1. Use Instagram

Post a picture or two when you play. A story, not a hard post. You don’t have to post a swing or a majestic landscape image of the signature hole. Snap a picture of the scorecard or from the tee-box on a Par 3, and tag the course’s location. You can even ask if anyone is playing this weekend and join forces. 

This all can seem a little “look at me,” I know. But let people know you’re out there. Someone, maybe even a stranger, will notice and they will respond “Would love to tee it up with you sometime.” Don’t worry about the angle, the lighting, the conditions, any of it. At all. No one’s keeping score.

This is a “if you build it, they will come” type joint. It’s good to let people know that golf’s a part of what you do. Taking your game to the public can help let new people know that about you as well.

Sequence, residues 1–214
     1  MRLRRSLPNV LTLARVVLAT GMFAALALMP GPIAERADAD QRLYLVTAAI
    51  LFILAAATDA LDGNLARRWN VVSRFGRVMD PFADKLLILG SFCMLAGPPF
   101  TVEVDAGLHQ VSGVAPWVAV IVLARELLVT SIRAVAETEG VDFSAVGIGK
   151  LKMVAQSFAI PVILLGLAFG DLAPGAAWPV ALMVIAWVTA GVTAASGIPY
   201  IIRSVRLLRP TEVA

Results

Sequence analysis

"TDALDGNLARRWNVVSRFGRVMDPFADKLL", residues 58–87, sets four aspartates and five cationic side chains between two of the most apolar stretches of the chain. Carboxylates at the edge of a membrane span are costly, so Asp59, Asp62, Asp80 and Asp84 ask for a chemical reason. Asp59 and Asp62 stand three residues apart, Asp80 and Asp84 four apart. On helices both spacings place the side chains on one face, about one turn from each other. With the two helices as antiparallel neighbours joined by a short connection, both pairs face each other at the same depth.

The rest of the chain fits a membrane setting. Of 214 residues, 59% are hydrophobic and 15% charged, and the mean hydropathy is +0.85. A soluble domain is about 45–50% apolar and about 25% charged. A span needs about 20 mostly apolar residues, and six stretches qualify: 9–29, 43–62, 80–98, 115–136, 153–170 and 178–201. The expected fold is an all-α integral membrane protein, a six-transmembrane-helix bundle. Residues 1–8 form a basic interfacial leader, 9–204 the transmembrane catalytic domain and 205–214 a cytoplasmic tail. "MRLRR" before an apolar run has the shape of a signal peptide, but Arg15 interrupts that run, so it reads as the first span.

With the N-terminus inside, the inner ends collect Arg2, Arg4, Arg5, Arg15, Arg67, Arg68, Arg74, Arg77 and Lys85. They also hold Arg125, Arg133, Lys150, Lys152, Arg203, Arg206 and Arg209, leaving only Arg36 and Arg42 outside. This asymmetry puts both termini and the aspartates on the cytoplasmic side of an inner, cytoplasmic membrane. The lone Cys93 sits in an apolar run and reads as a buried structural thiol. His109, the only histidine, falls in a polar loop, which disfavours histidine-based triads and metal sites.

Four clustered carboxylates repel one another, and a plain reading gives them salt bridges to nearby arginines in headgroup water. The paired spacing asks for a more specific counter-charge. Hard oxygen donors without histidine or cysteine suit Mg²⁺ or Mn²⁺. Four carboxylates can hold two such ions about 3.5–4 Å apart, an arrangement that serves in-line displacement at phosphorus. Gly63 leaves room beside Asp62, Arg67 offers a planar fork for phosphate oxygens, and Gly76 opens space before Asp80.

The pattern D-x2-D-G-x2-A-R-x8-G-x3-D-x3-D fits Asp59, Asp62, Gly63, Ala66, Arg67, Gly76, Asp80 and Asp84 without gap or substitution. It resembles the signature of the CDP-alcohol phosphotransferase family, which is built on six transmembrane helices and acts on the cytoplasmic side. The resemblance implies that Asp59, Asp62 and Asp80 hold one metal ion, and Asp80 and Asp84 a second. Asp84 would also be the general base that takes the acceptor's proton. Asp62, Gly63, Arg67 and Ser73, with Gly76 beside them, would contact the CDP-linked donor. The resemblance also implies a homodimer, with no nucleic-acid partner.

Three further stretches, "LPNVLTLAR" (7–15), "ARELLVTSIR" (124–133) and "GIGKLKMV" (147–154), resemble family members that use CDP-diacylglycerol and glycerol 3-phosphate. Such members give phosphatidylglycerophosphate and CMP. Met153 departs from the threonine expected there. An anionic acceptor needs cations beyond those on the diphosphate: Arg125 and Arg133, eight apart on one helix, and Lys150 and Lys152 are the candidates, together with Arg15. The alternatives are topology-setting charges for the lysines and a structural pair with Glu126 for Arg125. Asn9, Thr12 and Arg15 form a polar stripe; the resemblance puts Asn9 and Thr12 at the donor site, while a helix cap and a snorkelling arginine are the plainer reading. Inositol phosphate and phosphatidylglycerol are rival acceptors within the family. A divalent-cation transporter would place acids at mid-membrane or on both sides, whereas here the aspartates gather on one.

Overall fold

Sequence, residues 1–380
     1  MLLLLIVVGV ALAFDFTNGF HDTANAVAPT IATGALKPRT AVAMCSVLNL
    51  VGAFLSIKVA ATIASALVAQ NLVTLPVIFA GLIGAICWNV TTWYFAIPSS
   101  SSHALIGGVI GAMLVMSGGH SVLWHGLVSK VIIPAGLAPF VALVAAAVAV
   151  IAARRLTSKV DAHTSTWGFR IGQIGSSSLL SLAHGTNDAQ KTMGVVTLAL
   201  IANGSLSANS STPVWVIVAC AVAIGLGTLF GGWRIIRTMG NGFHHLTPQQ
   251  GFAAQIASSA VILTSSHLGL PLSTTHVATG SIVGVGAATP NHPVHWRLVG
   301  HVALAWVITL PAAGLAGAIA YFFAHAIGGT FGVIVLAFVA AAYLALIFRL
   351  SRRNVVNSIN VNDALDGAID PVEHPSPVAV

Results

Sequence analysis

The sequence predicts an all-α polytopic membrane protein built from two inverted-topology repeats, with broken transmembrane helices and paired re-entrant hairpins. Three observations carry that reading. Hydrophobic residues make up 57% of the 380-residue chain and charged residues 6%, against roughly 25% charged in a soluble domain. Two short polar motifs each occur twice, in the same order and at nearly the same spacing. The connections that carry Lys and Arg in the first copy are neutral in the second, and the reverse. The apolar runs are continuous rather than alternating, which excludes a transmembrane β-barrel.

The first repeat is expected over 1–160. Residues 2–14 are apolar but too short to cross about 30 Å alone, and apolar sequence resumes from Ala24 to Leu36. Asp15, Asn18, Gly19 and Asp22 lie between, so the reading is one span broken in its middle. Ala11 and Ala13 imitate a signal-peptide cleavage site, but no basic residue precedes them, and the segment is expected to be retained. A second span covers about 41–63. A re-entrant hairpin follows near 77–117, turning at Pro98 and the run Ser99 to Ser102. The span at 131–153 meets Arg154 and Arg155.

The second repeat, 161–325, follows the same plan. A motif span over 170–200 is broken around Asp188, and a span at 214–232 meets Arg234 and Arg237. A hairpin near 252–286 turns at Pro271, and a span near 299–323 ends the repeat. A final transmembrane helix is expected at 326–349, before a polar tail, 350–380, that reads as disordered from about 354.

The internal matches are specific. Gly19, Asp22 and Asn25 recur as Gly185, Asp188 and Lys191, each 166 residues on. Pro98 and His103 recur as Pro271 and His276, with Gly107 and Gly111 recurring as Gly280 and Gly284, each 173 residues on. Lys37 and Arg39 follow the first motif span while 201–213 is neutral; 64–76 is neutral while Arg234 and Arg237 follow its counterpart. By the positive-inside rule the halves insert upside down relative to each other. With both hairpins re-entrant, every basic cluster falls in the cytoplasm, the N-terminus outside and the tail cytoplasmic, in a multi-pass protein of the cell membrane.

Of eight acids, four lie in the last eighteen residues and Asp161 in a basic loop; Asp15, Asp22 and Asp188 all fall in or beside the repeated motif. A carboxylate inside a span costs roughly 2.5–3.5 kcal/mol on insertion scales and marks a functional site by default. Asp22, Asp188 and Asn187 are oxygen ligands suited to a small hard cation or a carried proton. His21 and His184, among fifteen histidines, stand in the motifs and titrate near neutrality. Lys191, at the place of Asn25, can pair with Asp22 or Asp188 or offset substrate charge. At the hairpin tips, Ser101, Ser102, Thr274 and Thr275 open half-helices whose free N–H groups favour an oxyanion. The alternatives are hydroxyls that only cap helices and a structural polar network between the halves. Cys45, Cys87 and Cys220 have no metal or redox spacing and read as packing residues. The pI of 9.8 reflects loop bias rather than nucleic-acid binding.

2. Make friends with the staff

First of all, most people working in the pro-shop or behind the front desk have great energy about the game. They’re happy to see you, sign you up or sell you something. Are they hunting a buck? Maybe, but to be honest, most of the course staff I exchange with are pretty easy-going and happy to help.

Assistant Pros and Interns are obvious folks to get to know because (1) they’re almost always good players (2) they can likely teach you a thing or two and (3) it’s literally their job to make sure whoever’s playing at their spot has a good time. Asking these folks to play on their off day or a few holes after work is a great way to learn something new about the game and get introduced to other players in their network. You’d also be surprised how quickly they deconstruct their buttoned-up demeanor.

The cart barn guys are normally high school kids in mid calves. There are some diamonds in the rough, for sure. But in general stick to someone wearing a collared shirt.

Also, talk to the Ranger. Ask him if there are any guys he sees up there on the regular. I think Rangers take note of frequent faces with respectable games and attitudes. Aspire to be someone they remember, too.

3. Play in the Afternoon